Marguerita Bornstein – an artist who has in the past been so well known that her first name sufficed to identify her to millions – is the kind of person whose need to create, and whose talent for it, causes her to work across a range of forms. Illustrator, animator, painter, sculptor, and mixed media artist, she has been lauded for drawings that have graced the covers of major magazines and for her contributions to post-modern art exhibitions. “One of the strongest and most sexual works in the show,” wrote a reviewer of 1997’s Sex/Industry (Stefan Stux Gallery, New York), “the mixed media work by Marguerita uses a metal box, an old gourd, and a coconut to create a piece more honestly sexual and arousing than most of the anatomically correct phalluses and cartoon animal jokes in the main gallery.” Alas, I can offer no pictures to match this intriguing description.
The child of Holocaust survivors, Marguerita was born in Sydney, Australia in 1950 but subsequently grew up in Brazil. She began her career as a commercial artist remarkably early, selling her first drawing at the age of nine (to Rio’s Correio da Manha), earning a living as an illustrator from age thirteen, and at 24 creating the animated title sequence for the phenomenally successful Brazilian drama O Rebu. Invited to work in New York in 1976 after being profiled in Graphis magazine, and sponsored into the United States by luminaries like NYT art director Louis Silverstein, art critic Robert Hughes, and preeminent graphic designers Herb Lubalin and Milton Glaser, Marguerita has since illustrated book covers for Viking, designed posters for The Village Voice, and contributed covers and drawings for The Nation, The New York Times, and other publications.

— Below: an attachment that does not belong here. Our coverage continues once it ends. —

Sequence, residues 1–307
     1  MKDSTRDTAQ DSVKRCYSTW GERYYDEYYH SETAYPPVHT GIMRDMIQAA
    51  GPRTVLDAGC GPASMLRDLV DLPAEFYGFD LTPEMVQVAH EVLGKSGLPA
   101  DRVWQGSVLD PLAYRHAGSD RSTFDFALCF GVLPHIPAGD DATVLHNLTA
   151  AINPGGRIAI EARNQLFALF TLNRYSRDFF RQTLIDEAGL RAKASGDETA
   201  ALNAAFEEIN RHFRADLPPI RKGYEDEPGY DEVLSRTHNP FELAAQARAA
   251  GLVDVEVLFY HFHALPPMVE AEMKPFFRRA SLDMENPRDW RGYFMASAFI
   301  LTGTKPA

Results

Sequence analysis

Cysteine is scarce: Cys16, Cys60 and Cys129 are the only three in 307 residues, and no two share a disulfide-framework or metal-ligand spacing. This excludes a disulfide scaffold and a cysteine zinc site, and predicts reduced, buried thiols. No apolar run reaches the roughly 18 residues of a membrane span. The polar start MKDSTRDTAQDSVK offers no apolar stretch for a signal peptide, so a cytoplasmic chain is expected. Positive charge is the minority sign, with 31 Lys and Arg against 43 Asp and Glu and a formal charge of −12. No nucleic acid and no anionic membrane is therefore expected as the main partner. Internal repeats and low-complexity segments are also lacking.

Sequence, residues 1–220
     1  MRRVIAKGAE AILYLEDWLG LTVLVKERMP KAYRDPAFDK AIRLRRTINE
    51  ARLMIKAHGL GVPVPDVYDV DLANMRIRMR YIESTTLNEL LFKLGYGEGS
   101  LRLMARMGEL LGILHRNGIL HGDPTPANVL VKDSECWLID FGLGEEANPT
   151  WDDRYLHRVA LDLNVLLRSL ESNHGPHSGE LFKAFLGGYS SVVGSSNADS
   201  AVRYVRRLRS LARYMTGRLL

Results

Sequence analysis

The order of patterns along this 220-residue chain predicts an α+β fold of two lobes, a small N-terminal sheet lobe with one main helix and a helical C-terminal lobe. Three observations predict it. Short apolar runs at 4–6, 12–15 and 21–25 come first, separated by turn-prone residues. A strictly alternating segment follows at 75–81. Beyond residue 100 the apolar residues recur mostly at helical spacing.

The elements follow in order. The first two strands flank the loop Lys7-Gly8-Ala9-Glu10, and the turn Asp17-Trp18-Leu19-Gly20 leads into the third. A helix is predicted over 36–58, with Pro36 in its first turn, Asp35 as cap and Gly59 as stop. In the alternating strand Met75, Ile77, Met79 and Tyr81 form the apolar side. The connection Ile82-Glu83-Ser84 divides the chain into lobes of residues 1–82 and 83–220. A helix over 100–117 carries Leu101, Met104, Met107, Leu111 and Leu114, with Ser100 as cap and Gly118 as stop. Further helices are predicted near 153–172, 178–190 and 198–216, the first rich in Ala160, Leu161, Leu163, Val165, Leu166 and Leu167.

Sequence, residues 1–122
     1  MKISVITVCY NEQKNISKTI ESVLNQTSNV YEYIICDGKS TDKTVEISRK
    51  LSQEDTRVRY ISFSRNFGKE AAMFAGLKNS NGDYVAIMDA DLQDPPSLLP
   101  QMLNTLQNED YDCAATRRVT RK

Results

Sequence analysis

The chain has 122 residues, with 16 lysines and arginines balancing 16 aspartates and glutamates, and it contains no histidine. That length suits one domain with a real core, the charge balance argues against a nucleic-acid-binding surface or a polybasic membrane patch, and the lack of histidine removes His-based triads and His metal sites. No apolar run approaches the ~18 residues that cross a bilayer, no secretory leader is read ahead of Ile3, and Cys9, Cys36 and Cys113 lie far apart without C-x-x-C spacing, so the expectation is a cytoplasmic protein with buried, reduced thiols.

Marguerita’s recent work covers both the commercial and the fine arts. Considered as a whole, her pictures are vividly coloured, a fascinating combination of surrealism, ghostly overlaps, and iconography. “Her quality is rather sheer mischievousness coupled with a good measure of sparkling gaiety,” said U&Lc Magazine in 1977, and this seems as true today as it was then. One might add that a certain enigmatic wit seems to play an equally large role in her work, if the t-shirt below is anything to go by (which you can procure, if you’re taken by it, here):
You’ll find Marguerita’s site, The Poignant Frog, on our blog roll. Go visit.